How to Serve Diverse Communities
“There are a number of borrowers for whom English is not necessarily their first language. We have been working since 2018 to create a mortgage translation database. The predominance is Spanish. We have selected the five main languages. We took the Word documents and translated them so that people could consult these translated documents and make decisions. The house is probably the most important asset and the most money that most people will spend. But we think it’s only fair, given that there are different populations, that services should be able to cater to their borrowers appropriately, especially when you’re making these huge financial decisions.
Initiate special purpose credit programs
“We focused on businesses providing cash in hard-to-serve areas, such as rural areas or manufactured homes. And we also have affordable housing goals that target low to middle income people across the country. There is a huge equity gap between black, white, and Hispanic populations. We asked companies to consider the areas that had already been highlighted and the obstacles identified, but we also asked them to offer solutions to overcome these obstacles. Special purpose credit programs have been around for years and lenders are hesitant to use them. There is a movement to try to explain as best we can to lenders that the regulatory environment supports the nature of special purpose credit programs. For example, one thing we know is that many people struggle to get down payment assistance. So you could have a special purpose credit program that focuses on down payments. We have a number of pilot programs that companies are working with.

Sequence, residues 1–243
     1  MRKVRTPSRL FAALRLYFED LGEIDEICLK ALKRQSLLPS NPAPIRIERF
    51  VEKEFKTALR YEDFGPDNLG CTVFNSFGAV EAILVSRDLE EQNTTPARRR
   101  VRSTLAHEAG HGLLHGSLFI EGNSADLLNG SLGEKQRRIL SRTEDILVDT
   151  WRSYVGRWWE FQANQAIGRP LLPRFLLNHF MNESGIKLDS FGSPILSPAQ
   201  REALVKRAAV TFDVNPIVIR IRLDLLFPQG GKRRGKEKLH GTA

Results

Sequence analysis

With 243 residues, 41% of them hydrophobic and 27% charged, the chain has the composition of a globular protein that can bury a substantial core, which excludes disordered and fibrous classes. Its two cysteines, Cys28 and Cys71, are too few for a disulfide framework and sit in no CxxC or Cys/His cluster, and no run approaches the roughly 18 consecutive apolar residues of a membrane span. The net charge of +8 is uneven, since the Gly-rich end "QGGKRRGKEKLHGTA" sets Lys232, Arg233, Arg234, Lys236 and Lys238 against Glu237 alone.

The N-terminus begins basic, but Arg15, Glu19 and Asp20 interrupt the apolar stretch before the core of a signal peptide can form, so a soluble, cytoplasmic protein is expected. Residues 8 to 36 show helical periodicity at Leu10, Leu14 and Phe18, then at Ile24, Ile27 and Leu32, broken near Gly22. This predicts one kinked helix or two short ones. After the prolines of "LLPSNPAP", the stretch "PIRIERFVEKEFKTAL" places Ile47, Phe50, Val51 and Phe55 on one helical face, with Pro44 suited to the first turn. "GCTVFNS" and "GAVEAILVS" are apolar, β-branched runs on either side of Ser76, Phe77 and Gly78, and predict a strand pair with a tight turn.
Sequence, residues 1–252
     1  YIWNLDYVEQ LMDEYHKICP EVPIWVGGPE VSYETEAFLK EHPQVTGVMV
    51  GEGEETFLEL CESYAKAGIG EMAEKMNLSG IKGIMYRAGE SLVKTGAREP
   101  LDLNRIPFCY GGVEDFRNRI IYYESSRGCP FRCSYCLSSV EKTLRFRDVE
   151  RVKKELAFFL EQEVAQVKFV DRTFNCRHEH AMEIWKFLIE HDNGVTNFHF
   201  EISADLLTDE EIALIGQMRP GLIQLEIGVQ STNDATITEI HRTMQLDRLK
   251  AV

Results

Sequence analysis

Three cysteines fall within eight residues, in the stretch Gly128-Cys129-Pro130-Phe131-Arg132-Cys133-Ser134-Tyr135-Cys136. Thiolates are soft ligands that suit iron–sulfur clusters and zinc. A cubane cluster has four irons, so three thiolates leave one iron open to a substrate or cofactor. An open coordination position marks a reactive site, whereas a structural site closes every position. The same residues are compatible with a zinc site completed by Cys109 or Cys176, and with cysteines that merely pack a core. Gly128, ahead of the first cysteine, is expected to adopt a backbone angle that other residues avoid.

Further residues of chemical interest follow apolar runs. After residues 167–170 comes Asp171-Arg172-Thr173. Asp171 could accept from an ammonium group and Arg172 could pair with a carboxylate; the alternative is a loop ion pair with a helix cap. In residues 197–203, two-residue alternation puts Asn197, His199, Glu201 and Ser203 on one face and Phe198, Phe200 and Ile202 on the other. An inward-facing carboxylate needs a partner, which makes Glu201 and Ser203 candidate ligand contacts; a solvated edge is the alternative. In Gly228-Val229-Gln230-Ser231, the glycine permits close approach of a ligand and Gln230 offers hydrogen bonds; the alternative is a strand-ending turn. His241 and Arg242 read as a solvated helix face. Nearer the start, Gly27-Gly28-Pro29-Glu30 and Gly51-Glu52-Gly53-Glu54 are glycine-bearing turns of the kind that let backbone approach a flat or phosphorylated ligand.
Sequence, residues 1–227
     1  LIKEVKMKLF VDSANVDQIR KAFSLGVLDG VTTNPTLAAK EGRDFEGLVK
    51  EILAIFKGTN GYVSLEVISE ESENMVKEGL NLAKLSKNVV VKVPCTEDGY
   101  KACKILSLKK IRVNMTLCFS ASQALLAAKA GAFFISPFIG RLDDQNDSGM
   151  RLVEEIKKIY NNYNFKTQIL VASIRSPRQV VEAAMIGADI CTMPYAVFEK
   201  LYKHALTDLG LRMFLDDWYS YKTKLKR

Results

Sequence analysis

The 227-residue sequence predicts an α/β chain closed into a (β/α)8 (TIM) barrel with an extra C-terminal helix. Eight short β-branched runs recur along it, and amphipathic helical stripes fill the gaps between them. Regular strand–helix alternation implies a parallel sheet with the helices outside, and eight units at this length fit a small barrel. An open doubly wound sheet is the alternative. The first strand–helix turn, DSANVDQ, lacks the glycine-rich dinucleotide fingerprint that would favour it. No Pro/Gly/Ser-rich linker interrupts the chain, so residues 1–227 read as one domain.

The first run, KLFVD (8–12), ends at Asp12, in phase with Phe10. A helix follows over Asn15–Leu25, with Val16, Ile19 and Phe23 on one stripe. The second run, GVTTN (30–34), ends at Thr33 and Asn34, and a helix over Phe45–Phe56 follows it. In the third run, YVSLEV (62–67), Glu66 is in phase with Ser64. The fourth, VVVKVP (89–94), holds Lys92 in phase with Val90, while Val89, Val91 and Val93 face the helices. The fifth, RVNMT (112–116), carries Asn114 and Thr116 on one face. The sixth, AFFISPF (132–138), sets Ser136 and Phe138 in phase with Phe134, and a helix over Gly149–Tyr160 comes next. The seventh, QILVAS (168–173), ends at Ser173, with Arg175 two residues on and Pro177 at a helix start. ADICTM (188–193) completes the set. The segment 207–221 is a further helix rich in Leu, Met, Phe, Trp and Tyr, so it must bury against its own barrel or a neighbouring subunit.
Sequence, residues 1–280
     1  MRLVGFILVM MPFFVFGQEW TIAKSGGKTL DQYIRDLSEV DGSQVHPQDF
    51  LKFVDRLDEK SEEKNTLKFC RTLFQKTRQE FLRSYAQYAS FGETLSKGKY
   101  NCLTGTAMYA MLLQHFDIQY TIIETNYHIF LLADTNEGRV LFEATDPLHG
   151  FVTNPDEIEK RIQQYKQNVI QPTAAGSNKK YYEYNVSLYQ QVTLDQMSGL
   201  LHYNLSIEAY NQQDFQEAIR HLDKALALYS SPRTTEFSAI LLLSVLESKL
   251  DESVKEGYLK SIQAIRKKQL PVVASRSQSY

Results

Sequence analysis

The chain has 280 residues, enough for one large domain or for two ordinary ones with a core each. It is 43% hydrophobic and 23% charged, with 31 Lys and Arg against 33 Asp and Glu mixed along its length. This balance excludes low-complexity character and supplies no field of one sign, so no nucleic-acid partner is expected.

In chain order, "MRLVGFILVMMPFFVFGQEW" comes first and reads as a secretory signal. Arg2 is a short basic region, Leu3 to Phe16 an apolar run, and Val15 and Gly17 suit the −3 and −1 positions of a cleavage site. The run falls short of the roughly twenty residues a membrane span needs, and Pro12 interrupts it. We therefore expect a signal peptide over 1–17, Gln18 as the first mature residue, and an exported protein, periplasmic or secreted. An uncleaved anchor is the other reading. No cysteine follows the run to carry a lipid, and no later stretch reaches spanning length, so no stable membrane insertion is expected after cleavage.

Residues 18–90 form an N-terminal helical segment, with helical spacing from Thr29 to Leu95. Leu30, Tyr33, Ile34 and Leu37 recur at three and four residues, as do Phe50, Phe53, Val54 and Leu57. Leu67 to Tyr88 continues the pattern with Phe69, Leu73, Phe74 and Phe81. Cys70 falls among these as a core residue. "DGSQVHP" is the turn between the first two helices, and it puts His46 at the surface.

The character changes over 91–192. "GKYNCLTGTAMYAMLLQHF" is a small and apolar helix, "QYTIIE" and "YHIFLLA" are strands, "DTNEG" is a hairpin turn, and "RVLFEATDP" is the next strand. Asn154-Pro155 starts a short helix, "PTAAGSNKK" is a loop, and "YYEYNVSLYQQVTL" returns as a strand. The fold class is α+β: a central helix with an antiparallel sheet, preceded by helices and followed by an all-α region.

“Racial prejudice is very real. The appraisal in some communities is much lower than even the asking price. That’s true, in general. What we did was we tried to automate the appraisal process, and I’ll tell you the pandemic was really where we learned a lot of lessons – appraisers didn’t want to come into homes , we had to figure out ways to keep the mortgage pipeline moving, and we introduced computer-based valuations. We have made it a permanent part of company policy. We are also looking at hybrid assessments and other alternatives so that we can really try to address some biases and make the process more efficient and less expensive.
“We have legal requirements for a desirable program to facilitate liquidity for manufactured homes. And if you look at the companies’ service obligation plans for 2022, you’ll see that they’ve really come a long way. When I think of the prefabricated house, my thoughts compared to reality are very different. In fact, last June I went to the National Mall during National Fair Housing Month. [They are] certainly equivalent to stick construction. And so companies have manufactured home programs where they will purchase manufactured homes based on certain codes. They also buy prefab housing communities. One of the things we’ve introduced is tenant protection for tenants, with basic things like 30 days notice to raise the rent.